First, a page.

January is National Baby Safety Month! Whether you’re looking to buy a home or build a home, there’s one item that tops both lists: a safe, healthy place for your children to live, learn, and play. Here are new construction and home design musts for child safety. 

Home Design ‘Musts’ for Child Safety

  • Well-Built and Structurally Sound. A well-built, structurally-sound home will naturally be safer for your family. When buying a home, hire a home inspector to check for these issues. If you’re building a new home, a reputable builder will ensure that your home meets these criteria. 
  • Drainage. Proper drainage under your home not only prevents damage from water seepage and flooding, but it also protects your family’s health and safety by preventing toxic mold growth. If your building a new home, make sure a qualified architect has approved the site plan and that access water flows away from the home. 
  • Wiring. Most wiring is hidden out of sight and one of the most difficult hazards to identity, especially in older homes. New construction homes should have the wiring inspected before the builder closes up the walls. 
  • Outdated, Toxic Materials. New homes should be free of outdated toxic materials. However, this is a real hazard of buying older homes. Ask your real estate agent if these materials were used or have been removed entirely. 


It’s no surprise that one of the most common accidental injuries among children is a fall. Certain types of flooring may be better for children learning to use their growing bodies. Use carpet in areas that your children will use the most. Incorporate rugs into rooms with hard floor surfaces. However, rugs can be a tripping hazard. Ovoid throw rugs that could fold underfoot or rugs with curled edges. Secure rugs to the floor with a rubber rug mat to prevent unwanted movement.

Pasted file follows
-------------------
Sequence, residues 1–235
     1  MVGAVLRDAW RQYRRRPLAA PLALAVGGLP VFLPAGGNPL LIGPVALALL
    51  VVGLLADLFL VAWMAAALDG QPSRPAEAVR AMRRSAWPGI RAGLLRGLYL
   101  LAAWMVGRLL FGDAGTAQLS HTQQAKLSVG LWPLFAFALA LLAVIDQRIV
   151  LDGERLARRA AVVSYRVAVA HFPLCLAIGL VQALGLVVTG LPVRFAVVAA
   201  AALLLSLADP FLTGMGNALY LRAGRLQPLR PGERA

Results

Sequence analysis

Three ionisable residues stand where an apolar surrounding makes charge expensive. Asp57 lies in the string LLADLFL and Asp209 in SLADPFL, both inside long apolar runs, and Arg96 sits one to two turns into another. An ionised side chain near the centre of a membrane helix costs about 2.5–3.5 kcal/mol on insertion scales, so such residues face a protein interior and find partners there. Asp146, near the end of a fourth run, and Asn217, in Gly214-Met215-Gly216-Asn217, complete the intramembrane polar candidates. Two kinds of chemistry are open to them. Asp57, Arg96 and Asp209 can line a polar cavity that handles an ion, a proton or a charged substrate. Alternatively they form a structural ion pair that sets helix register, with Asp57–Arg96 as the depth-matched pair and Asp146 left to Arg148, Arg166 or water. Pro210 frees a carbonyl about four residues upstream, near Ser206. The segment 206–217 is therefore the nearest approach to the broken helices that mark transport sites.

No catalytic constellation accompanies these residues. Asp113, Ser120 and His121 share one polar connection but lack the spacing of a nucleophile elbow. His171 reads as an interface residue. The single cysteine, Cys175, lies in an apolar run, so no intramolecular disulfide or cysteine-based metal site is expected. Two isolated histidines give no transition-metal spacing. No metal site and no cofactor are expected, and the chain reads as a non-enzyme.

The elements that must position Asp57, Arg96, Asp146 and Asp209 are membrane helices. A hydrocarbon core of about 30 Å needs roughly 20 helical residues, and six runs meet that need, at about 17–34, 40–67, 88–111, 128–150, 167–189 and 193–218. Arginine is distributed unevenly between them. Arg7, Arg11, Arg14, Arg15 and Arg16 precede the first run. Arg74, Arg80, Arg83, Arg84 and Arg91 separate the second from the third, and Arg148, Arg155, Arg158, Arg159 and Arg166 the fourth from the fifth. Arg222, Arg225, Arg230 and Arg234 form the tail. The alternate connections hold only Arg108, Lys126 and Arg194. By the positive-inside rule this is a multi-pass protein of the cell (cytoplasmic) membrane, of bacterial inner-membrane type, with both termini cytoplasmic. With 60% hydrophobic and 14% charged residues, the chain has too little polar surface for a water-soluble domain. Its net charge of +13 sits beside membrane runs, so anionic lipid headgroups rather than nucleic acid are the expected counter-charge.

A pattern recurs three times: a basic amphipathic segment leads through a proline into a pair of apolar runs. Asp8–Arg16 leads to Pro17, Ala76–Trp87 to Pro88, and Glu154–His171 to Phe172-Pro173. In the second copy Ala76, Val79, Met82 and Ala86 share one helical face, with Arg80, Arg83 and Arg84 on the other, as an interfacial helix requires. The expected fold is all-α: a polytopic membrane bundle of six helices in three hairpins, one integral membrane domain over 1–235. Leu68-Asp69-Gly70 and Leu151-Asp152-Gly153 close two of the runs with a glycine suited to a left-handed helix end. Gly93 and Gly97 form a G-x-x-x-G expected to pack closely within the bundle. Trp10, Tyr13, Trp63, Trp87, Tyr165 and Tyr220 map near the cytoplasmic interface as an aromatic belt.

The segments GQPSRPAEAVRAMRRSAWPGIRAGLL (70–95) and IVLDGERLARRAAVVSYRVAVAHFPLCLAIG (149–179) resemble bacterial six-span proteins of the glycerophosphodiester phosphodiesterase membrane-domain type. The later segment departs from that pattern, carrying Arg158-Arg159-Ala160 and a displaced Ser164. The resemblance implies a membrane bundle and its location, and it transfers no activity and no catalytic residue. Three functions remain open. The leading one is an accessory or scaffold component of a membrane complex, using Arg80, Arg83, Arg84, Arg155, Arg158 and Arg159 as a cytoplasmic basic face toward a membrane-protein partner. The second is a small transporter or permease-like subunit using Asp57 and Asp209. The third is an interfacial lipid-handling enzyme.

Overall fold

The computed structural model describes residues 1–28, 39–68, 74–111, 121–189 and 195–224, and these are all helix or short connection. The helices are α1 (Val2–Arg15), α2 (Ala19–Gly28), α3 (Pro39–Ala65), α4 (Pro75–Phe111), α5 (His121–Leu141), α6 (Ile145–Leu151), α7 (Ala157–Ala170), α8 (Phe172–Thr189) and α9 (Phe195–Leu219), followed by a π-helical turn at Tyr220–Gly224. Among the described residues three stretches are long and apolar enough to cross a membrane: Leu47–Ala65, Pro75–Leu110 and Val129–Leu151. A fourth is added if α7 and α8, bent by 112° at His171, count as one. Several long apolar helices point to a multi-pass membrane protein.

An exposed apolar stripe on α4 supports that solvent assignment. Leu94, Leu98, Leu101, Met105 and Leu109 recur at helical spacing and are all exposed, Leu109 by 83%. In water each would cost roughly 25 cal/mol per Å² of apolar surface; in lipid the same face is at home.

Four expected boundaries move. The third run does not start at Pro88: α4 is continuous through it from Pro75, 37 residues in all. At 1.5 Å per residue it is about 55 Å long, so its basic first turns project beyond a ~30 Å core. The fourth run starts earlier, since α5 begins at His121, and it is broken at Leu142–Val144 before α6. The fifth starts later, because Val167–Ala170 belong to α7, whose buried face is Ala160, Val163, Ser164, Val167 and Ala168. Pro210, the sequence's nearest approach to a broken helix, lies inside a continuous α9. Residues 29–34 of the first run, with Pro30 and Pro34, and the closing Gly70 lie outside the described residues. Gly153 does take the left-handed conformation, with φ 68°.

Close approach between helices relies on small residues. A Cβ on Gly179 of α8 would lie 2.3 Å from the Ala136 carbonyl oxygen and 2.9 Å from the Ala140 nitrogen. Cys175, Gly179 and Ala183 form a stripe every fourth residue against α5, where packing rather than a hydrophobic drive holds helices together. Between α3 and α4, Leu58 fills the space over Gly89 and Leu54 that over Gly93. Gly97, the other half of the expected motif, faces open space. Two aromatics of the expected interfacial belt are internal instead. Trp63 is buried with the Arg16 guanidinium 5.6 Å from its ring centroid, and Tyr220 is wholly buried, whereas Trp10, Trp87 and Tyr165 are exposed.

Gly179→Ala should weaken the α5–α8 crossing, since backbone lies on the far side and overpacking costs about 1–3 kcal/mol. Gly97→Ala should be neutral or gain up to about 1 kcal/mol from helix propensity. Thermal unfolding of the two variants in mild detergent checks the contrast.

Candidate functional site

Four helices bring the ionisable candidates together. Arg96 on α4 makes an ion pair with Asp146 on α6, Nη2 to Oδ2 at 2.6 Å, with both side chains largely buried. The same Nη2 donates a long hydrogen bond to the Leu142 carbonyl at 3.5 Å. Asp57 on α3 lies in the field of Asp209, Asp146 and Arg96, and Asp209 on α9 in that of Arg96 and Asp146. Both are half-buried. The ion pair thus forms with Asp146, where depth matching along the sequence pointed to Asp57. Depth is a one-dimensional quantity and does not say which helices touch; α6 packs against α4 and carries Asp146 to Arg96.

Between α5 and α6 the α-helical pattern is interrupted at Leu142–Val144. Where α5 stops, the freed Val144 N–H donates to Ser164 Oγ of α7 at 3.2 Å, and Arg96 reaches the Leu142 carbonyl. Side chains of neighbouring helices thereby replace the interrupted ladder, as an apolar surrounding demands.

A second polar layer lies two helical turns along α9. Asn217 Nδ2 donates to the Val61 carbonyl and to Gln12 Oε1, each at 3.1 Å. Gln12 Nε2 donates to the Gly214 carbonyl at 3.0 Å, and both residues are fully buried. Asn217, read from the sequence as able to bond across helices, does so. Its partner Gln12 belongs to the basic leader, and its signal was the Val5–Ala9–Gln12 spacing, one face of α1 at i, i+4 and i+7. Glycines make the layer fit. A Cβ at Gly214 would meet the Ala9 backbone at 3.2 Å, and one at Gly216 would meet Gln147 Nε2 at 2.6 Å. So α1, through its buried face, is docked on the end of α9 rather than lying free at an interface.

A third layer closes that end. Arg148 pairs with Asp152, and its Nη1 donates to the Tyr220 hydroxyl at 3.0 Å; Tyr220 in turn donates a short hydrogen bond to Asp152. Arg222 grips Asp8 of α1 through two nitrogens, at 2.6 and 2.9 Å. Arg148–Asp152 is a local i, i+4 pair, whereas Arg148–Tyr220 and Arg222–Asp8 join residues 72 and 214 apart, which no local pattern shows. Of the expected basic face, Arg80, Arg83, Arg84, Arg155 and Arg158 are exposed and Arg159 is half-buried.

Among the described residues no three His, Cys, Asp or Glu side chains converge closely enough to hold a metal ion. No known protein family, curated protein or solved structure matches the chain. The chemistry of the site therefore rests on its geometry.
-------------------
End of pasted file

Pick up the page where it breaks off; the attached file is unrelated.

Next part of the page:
Doors & Windows

Children love to explore, which makes them drawn to windows and doors. Ask your builder to include these built-in safety features on your doors and windows. 

  • Locks. Doors and windows are used more than any other feature in the home. Use childproof doors and window locks in areas where your children aren’t under constant supervision such as bedrooms and playrooms. 
  • Screens. Invest in window guards if your child’s bedroom or playroom isn’t on the main level. Unlike screens, these guards won’t give way under your child’s weight. 
  • Door Alarms. Set your alarm system to chime when a window opens to alert you. Or, install door and window alarms separately. 
  • Dutch Doors. Dutch doors are built-in, locking half doors at the top and base of the stairs and are more secure than after-market safety gates. 

Children are brilliant escape artists! There’s no way to guarantee they won’t accidentally hurt themselves at home. However, incorporating these home design ‘musts’ for child safety lessens the likelihood of serious injury or fatality, making them well worth the investment. 

What other ways did you add child safety measures to your home design? Let us know in the comments

Built by the Finest Craftsman

Are you looking for a new home in Bentonville? Every one of Scissortail’s beautiful luxury homes is carefully and skillfully constructed by some of the finest builders in Northwest Arkansas. Our eight exclusive builders have decades of experience and are known throughout NWA for excellence and attention to detail in the home building business.

Continue your journey at Scissortail.


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